Audit: CBP weak on IT security
- By Alice Lipowicz
- Feb 02, 2009
Information technology security remains a significant deficiency at U.S. Customs and Border Protection but is no longer a material weakness, according to an independent audit released today by Homeland Security Department Inspector General Richard Skinner.
In a previous review in September 2007, audit firm KPMG noted a material weakness in entitywide security of CBP computer systems, including problems with system access controls,service continuity and software change management.
In the current audit, which took place in September 2008, KPMG auditors said CBP had corrected some of the shortcomings, and the material weakness was downgraded to a significant deficiency, which reflects a lower level of concern.
“Improvements were made to correct the material weakness; however, significant deficiencies remain in all areas noted during fiscal 2008,” the audit stated.
However, in both the 2007 and 2008 audits, CBP continued to be out of compliance with the Federal Information Security Management Act, which sets up requirements for reporting of IT security protocols and problems.
Although upgrades were made, CBP did not substantially comply with all categories of FISMA during fiscal 2008, the audit stated.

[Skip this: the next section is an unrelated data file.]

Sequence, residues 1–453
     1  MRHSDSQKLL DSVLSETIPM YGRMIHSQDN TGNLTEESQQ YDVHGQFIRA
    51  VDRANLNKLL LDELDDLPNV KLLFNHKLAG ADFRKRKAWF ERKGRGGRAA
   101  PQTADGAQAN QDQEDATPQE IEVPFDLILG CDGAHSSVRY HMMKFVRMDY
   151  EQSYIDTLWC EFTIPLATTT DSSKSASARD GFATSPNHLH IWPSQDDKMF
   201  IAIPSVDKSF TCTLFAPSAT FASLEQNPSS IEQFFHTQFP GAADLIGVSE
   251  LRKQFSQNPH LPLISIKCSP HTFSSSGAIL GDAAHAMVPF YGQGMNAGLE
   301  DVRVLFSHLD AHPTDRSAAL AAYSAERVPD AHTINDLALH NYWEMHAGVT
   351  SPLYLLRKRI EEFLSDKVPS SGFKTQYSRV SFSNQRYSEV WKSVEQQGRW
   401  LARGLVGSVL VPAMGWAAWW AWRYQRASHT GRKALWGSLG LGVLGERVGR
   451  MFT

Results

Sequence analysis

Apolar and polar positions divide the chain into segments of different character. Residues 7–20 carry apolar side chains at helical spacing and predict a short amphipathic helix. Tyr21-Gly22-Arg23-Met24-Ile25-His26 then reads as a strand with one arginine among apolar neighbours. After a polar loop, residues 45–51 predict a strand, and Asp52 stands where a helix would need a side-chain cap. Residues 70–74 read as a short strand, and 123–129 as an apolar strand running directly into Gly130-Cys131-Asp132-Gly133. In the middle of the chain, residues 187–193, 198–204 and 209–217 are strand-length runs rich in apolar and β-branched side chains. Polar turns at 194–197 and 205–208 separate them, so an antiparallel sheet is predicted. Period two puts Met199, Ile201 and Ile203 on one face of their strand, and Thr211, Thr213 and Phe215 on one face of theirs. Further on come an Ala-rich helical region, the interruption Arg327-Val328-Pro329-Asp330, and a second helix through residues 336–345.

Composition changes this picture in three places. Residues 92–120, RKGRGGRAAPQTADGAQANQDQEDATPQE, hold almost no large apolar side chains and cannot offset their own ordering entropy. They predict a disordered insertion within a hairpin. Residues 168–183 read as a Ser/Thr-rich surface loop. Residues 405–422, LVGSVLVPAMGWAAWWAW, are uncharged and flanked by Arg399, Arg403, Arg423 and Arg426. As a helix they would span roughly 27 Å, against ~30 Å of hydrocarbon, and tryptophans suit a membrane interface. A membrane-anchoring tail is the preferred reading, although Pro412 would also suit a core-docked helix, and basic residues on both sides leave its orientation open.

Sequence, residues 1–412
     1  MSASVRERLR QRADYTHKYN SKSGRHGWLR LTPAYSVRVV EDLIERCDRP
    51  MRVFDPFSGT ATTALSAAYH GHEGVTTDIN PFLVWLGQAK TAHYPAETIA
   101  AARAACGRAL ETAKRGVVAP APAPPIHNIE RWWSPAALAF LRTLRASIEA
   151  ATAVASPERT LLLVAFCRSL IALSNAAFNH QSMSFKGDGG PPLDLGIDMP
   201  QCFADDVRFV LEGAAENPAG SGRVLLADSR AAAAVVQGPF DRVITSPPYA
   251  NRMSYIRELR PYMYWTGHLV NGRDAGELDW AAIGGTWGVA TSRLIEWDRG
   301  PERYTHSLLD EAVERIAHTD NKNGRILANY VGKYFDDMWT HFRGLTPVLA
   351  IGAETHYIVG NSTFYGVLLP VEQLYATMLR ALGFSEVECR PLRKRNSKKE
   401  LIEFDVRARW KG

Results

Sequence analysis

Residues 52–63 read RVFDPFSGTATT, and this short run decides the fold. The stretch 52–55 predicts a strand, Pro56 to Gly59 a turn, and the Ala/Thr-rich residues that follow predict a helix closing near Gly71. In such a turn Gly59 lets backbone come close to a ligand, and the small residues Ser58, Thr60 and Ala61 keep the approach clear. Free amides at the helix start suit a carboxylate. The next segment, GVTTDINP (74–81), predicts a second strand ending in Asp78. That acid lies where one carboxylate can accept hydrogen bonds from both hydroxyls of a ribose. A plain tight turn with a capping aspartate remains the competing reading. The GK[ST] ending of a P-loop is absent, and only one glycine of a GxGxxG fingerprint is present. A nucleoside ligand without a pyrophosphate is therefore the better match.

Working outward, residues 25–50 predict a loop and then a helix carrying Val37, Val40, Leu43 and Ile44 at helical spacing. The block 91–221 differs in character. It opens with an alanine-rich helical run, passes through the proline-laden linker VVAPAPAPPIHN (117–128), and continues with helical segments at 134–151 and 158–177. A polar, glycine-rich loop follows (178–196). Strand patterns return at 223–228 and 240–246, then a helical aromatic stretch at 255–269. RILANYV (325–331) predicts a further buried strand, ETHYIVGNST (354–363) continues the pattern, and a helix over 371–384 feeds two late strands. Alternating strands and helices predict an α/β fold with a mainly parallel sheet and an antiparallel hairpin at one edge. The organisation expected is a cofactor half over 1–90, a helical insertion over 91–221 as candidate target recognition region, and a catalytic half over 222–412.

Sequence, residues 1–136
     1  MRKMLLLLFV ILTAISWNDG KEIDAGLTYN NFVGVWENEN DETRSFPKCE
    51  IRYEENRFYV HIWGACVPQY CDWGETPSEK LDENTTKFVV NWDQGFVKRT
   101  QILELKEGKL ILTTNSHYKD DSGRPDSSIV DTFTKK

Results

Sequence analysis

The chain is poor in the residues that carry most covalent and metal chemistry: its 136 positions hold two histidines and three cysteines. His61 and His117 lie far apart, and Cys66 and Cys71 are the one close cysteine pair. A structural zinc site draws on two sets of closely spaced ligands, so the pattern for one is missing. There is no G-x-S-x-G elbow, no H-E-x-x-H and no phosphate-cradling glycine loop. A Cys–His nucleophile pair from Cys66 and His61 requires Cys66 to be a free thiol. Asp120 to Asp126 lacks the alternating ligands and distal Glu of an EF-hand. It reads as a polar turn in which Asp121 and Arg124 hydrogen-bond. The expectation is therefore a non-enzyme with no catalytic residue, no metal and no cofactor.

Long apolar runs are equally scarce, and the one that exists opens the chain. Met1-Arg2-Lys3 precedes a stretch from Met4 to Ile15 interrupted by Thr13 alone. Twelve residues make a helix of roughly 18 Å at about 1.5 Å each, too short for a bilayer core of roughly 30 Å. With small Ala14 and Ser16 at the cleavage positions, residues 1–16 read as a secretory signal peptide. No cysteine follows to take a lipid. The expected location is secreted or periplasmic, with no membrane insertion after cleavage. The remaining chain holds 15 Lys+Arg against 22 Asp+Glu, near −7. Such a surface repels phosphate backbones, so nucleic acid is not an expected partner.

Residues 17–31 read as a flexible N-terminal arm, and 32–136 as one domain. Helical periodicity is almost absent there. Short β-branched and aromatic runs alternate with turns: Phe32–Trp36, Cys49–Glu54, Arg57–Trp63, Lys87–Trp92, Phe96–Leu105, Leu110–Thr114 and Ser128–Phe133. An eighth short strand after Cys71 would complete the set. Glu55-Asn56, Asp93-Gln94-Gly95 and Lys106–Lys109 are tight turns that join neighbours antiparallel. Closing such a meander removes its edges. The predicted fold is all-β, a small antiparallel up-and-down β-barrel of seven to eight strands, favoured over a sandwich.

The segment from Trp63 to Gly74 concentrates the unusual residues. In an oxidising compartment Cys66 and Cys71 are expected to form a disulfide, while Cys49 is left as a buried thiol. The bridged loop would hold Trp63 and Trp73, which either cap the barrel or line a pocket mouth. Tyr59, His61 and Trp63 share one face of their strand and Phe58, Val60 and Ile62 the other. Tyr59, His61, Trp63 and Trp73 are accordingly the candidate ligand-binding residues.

“Collectively, the IT control deficiencies limit CBP’s ability to ensure that critical financial and operational data is maintained in such a manner to ensure confidentiality, integrity and availability,” the auditors wrote. However, due to the sensitive nature of the security issues identified, the auditors said they would issue a separate report on the details of their findings.
Overall, the auditors reported a material weakness in drawback of duties, taxes and fees, continued from 2007. There also were three other significant deficiencies reported in the CBP entry process for shipments. A previous deficiency regarding refunds for a dumping offset program was removed. CBP officials agreed with the audit.
Alice Lipowicz is a staff writer covering government 2.0, homeland security and other IT policies for Federal Computer Week.